Smelling flowers in the doctor’s waiting room

I’ve just come back from the doctor’s surgery where I had to wait an hour to see the nurse for an injection that takes around 20 seconds.  Normally this would have annoyed me intensely – I’d almost finished my work for the day, I wanted to get back, write some emails, log off and start my weekend.

At 5.10pm I overheard the receptionist say that the 4.10pm appointment was still in with the nurse.  I went to check I’d heard right.  And at that point, much like commuters becoming sociable when the trains are severely delayed, all of us waiting to see the nurse became comrades.

There were no seats when I arrived so I was standing next to one of the chairs for less mobile people.  In this chair was a lady who I now know is 86.  She asked me to confirm how late things were running and I explained we would be waiting at least an hour and she texted her husband (it’s probably ageist or something, but I was hugely impressed).  I was going to do my emails from my Blackberry, but we started chatting.  She’d just come back from her holiday in Norfolk – she does enjoy a spot of bird watching and can walk as far as the little huts, even with her gammy knee.  I heard all about her family tree – literally: her granddaughter researched it with her on the internet last summer, and how she had a few noteworthy people in her husband’s side of the family (did that count?, she wondered.  She thought it did.)

Then she told me about her experience of World War Two (which always fascinates me).  She was 10 when war broke out.  She lived in Bristol and was going to be evacuated to Canada, but the boat before the one she and her siblings were due to leave on sunk and everyone drowned.  At that point her mum changed her mind, telling them that ‘If they were going to die, they would all die together’.  She spent most of the war in Bristol, which was heavily bombed.  She remembered the register being taken at school and two of her friends not being there – their house had been bombed the night before and the family was dead.

Her Uncle Willy was worried the family would be short of food, so when war was declared, despite a complete lack of experience, he bought a 200 acre farm.  For a month in summer this lady was sent to Uncle Willy’s farm.  Aunt Mavis had some illegal animals (only a certain number were allowed to be kept) and she remembered that when the Department for Agriculture came for an inspection, she was sent over a hill with a cow and pig, instructed to hide them…

There was so much more she told me, but essentially, it was the best one hour delay I’ve had in a fair while.  And it reminded me that sometimes ticking everything off your to do list isn’t actually the most important thing. Sometimes it’s…well…  I made this a couple of years ago and walk past it numerous times during the day, but I never really read it.  Sometimes the most important thing is* to:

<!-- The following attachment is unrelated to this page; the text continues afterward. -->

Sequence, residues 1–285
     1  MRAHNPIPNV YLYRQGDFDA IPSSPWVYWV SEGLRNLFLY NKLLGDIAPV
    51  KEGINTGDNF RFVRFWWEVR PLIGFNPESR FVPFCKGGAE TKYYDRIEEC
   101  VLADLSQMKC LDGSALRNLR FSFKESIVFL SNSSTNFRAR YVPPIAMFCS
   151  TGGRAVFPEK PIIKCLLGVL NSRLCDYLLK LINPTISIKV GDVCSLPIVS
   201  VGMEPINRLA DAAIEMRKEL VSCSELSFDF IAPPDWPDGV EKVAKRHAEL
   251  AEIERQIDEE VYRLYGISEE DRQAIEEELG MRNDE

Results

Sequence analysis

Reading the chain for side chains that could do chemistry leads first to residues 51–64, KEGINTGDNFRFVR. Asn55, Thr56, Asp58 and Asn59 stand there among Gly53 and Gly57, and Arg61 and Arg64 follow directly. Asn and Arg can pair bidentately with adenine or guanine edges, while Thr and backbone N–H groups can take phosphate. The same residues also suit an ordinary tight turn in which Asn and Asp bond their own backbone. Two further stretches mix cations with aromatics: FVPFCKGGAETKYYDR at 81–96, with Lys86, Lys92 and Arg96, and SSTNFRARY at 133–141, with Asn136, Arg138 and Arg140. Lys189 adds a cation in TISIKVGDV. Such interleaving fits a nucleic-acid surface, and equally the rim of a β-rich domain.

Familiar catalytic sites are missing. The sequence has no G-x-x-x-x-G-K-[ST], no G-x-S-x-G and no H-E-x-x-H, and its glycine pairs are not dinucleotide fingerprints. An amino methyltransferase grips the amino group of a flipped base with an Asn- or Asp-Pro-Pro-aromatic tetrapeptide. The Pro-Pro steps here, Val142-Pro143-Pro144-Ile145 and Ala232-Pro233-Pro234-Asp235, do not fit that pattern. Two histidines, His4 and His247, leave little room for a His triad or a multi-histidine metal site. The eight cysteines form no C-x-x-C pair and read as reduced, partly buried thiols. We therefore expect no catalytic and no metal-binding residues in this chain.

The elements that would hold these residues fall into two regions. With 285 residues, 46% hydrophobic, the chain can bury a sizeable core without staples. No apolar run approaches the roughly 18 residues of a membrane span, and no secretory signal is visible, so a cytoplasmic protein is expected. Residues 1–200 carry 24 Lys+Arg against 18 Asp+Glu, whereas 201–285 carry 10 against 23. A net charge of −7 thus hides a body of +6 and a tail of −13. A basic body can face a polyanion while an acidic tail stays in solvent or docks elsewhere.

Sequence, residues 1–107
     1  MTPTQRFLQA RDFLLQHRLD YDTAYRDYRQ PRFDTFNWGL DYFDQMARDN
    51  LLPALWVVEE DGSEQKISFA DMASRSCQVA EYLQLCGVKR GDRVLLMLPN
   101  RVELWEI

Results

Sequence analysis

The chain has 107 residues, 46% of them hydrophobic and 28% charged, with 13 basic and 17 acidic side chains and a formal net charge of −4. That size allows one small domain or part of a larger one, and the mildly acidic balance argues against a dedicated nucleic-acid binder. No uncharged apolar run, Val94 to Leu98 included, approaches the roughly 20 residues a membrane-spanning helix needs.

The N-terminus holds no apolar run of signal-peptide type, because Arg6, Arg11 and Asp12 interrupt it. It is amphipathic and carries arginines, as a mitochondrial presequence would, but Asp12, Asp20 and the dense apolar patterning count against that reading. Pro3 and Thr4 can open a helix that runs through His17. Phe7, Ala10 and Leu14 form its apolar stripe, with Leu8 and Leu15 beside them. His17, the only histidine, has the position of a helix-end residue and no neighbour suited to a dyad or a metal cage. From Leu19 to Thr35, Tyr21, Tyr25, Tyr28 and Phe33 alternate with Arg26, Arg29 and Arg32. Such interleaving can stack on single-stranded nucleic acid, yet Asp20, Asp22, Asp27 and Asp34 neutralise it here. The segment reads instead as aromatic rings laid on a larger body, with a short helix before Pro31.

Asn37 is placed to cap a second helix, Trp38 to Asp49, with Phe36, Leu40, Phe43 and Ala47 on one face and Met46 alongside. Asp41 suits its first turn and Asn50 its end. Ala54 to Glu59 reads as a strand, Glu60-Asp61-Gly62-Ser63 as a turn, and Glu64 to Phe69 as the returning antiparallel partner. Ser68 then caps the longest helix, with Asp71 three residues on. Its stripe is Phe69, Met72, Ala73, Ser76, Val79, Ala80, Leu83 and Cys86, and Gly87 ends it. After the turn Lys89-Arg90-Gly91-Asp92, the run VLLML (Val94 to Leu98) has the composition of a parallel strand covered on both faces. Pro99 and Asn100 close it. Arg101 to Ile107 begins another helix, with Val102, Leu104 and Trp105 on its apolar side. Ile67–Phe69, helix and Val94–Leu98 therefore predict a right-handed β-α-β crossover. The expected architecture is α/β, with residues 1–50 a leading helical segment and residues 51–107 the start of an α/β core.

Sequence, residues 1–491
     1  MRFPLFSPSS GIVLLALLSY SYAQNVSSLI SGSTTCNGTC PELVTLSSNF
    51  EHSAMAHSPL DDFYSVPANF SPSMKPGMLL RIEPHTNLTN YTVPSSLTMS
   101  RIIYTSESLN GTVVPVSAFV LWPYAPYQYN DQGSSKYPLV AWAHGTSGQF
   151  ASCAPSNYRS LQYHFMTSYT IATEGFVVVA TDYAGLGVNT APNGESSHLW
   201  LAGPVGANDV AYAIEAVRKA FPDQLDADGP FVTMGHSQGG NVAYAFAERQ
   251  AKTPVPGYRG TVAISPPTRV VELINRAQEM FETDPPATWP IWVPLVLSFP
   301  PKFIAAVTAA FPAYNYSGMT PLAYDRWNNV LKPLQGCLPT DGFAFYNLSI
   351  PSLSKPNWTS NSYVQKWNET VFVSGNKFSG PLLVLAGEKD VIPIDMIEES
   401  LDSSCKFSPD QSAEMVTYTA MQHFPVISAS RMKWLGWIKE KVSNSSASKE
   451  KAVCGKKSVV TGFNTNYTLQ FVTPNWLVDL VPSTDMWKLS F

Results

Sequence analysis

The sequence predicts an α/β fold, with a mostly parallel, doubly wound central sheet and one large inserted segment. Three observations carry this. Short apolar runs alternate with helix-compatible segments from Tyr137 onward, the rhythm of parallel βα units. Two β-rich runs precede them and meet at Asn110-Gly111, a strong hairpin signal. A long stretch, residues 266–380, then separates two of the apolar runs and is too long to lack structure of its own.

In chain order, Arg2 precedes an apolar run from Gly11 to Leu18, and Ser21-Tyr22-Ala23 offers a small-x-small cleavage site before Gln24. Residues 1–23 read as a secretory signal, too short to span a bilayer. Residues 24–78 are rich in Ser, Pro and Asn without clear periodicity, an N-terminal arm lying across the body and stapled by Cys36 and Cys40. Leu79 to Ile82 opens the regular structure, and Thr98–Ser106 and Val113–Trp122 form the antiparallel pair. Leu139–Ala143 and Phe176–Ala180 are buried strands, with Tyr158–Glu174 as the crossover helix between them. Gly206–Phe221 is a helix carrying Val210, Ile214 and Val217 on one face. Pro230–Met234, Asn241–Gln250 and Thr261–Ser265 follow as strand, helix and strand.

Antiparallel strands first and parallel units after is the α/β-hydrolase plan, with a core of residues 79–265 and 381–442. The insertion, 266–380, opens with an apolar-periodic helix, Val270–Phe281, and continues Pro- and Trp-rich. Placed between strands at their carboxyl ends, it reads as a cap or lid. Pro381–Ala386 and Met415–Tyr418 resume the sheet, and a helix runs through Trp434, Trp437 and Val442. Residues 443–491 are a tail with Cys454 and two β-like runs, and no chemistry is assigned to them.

flowers

*That said, this very interesting lady asked where in Bumpkinsville I lived during out conversation.  As I left the surgery I stopped in the waiting room to say how lovely it had been to chat to her.  She asked me my house number and I told her.  ‘I’ll come to visit sometime soon’ she said.  It was lovely to chat to her, but I get the feeling that in a chat without an end time those flowers may go through full bloom, wilt and die…  Oh well, I guess everyone has to sleep at some stage.  As long as she doesn’t ever arrive at breakfast time, well be ok.  :o)

 

 

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2 Responses to Smelling flowers in the doctor’s waiting room

  1. Paula Harrington says:

    Love this! So true – it puts in perspective how we often rush through life, not paying attention to the important things. And I’ll bet your listening to your new friend did her the world of good too. Often, elderly people tend to be overlooked or ignored, but I generally find them interesting, educational, often inspirational, and not to mention grateful for the attention of young people and a good conversation. Side anecdote. I was in hospital overnight a few years ago – utterly miserable and feeling sorry for myself, mainly because I’m phobic about hospitals. An elderly, incredibly cheerful hospital volunteer stopped by to talk to me. Turns out he was a 96-year-old widower and retired doctor, who volunteered there every day for the sheer joy of putting a smile on the faces of miserable people like me! I’ve never forgotten him or how he made me feel.

    • thepogblog says:

      I’m so pleased I made sense…I thought I might have got a bit rambley!

      I think there is so much to learn from older people, and I am really pleased that gentleman made you smiley. What a gem :o)

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